Turns out that the Bureau, along with the oversight committee, asked Stepp for a plan five months ago to comply with an audit and state wastewater standards and enforcement; Stepp, having not forwarded a plan, has asked for an extension without giving any reason why she needed more time.
MADISON (AP) — Gov. Scott Walker promised to transform the state Department of Natural Resources. And he has, cutting scientists, shrinking its budget and pushing the agency to be more receptive to industry. And even more changes could be in store. Walker and Republican lawmakers, who hold their largest majorities in decades, are pondering whether to eliminate the agency and spread its duties across state government as well as charge people more to get into state parks and to hunt. It all adds up to a picture of a struggling agency no one recognizes any more, critics say.
Thanks to Tommy Thompson's success nearly 20 years before in making the DNR secretary a gubernatorial appointment and Doyle's failure to overturn it, one of Walker's first acts was to make an outspoken critic of the DNR, former state Sen. Cathy Stepp, the department's new secretary. It's been downhill ever since. The department has been complicit in weakening permitting regulations. An audit has found it derelict in enforcing its own policies when dealing with polluters. Large animal-feeding operations, CAFOs, have gone virtually unchecked. The science services division was dismantled. Large cutbacks were made in the staffs that deal with hunting and fishing.
Kimberlee Wright, executive director of Midwest Environmental Advocates, an environmental law center, works closely with DNR engineers and scientists to review and comment on pollution permits for activities such as wastewater disposal and groundwater pumping under the Clean Water Act. In the past, Wright says, the process was typically straightforward, and she and colleagues were routinely able to hammer out permits that followed the technical requirements of the law.
A sweeping plan drawn up in Wisconsin’s Republican- controlled Legislature would scatter Department of Natural Resources parks, forestry, environmental, hunting and fishing programs among three existing agencies and two new ones.
The proposal’s sponsor provided scant specific reasons for seeking the change except to say he wants to help business operators and outdoors enthusiasts who have told him the DNR “is just not working in its current form.”
Wisconsin Department of Natural Resources leaders are seeking new ways to ensure that they retain crucial institutional knowledge as they unveil a reorganization to wary employees amid a wave of retirements that now includes high-profile managers. DNR shortcomings in hiring and training new workers came to light in June when a state audit linked them to flaws in DNR enforcement of laws aimed at preventing pollution of lakes, streams and drinking water.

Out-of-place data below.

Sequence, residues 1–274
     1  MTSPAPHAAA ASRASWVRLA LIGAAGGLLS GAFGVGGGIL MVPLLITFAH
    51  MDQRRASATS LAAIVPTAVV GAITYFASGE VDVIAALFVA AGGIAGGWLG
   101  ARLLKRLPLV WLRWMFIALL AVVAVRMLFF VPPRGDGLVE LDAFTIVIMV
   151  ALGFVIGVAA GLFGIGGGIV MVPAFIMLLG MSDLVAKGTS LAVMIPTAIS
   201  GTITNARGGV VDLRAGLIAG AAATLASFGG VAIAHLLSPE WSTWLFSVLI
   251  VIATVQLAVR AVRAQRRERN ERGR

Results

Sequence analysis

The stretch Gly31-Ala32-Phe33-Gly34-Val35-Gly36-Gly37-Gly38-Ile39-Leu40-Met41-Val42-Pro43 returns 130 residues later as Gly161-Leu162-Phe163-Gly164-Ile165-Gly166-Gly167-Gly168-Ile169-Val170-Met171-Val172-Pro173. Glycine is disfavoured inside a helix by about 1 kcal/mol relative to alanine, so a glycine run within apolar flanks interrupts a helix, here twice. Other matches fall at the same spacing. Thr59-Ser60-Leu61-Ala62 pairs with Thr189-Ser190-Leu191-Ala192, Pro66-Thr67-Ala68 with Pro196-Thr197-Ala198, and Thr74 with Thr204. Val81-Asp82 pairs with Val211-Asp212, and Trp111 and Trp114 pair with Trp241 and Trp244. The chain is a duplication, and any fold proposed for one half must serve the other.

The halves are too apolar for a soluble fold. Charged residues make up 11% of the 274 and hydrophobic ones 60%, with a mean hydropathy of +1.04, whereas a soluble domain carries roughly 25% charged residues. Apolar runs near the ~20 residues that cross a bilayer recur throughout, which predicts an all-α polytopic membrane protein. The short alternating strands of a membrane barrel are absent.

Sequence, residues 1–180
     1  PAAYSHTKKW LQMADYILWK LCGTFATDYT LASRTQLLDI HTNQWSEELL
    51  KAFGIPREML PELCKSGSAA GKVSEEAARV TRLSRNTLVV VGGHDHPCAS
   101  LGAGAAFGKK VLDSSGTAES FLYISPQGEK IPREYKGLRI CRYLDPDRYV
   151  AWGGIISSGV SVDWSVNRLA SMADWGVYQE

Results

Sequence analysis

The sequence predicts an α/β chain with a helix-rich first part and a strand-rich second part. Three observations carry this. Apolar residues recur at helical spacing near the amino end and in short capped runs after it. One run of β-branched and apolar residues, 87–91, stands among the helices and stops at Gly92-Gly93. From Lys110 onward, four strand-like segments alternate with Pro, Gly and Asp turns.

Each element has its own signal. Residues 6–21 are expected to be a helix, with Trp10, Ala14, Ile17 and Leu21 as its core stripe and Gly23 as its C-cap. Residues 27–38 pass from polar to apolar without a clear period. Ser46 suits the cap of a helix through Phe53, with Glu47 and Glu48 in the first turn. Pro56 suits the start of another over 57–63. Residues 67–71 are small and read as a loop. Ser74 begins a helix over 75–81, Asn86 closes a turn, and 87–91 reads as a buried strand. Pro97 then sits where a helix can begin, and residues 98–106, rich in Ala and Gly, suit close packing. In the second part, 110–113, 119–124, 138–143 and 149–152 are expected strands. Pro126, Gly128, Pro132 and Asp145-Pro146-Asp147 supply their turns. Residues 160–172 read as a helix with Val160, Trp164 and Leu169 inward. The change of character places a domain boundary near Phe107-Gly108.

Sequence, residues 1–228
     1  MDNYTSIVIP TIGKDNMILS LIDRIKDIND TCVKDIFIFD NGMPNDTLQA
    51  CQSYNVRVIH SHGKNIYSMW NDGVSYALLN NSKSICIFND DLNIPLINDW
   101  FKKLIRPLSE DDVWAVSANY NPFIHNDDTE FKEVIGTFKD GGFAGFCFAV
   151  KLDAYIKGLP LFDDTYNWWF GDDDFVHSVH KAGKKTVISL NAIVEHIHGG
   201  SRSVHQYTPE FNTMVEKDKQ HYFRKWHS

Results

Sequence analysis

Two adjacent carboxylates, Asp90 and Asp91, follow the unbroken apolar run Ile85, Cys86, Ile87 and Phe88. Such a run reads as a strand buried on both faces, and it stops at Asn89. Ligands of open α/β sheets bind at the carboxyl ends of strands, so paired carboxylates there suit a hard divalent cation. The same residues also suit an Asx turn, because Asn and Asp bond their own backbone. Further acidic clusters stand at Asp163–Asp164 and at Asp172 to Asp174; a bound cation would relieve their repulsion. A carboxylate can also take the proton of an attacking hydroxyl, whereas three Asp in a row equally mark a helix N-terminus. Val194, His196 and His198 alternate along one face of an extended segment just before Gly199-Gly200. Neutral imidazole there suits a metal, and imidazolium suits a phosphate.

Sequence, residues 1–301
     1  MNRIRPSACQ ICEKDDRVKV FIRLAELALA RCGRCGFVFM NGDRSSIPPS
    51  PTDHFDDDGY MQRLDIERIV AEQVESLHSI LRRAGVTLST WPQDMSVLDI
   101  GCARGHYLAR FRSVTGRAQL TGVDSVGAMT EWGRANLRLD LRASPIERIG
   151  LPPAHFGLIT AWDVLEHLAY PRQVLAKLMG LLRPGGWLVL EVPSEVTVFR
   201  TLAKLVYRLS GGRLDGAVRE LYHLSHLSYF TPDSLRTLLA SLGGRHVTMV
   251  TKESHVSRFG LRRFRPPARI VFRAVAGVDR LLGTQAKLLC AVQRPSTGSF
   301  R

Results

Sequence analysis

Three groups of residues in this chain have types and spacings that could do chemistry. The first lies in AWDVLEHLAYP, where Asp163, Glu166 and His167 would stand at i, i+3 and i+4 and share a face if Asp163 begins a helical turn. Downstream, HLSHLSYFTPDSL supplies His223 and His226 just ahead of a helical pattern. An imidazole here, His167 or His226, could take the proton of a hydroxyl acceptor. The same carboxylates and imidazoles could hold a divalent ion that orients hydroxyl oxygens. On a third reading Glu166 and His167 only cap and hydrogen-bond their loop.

"Organizers said that, in part, this meeting is in response to the number of frac sand mines and Concentrated Animal Feeding Operations (CAFOs) that are not being regulated properly by the DNR and other local bodies, citing reasons of not having enough staff, not having enough funding, and not having enough support from legislators."
Wisconsin Department of Natural Resources leaders on Wednesday announced a sweeping reorganization aimed at providing relief to overburdened workers in its troubled water quality program and making state parks and wildlife management more efficient. George Meyer, a former DNR secretary who directs the Wisconsin Wildlife Federation, said some of the changes could prove helpful, but the ailing DNR needs more employees, not a reorganization, Meyer said. The DNR has come under fire from the U.S. Environmental Protection Agency for deficiencies in Clean Water Act enforcement and by the audit bureau for failing to conduct timely inspections of large dairy operations or adequately review manure spreading plans or annual compliance reports.
After years of complaints about tainted drinking water and weed-choked waterways, proposals for tighter state restrictions on industrial-scale dairy operations are in the works. Without adequate law enforcement, the state could slide back toward the polluted conditions that existed before enactment of the federal Clean Water Act in 1972, and he’s not sure the Legislature is prepared to make needed changes. “The people of this state believe in water quality. We brag about our lakes and rivers and having great places to fish in and swim in.”